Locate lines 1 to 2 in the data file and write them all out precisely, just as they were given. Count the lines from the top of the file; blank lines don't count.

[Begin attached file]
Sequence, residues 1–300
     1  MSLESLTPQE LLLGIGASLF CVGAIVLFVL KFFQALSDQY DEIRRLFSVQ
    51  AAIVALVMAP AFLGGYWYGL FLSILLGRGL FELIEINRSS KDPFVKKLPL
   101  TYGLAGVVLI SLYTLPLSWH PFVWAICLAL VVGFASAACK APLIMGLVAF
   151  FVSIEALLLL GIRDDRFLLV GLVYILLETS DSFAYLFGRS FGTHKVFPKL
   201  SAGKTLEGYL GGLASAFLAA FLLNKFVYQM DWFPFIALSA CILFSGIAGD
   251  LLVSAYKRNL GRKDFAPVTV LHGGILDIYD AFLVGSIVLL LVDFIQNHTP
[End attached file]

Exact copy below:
Sequence, residues 1–300
     1  MSLESLTPQE LLLGIGASLF CVGAIVLFVL KFFQALSDQY DEIRRLFSVQ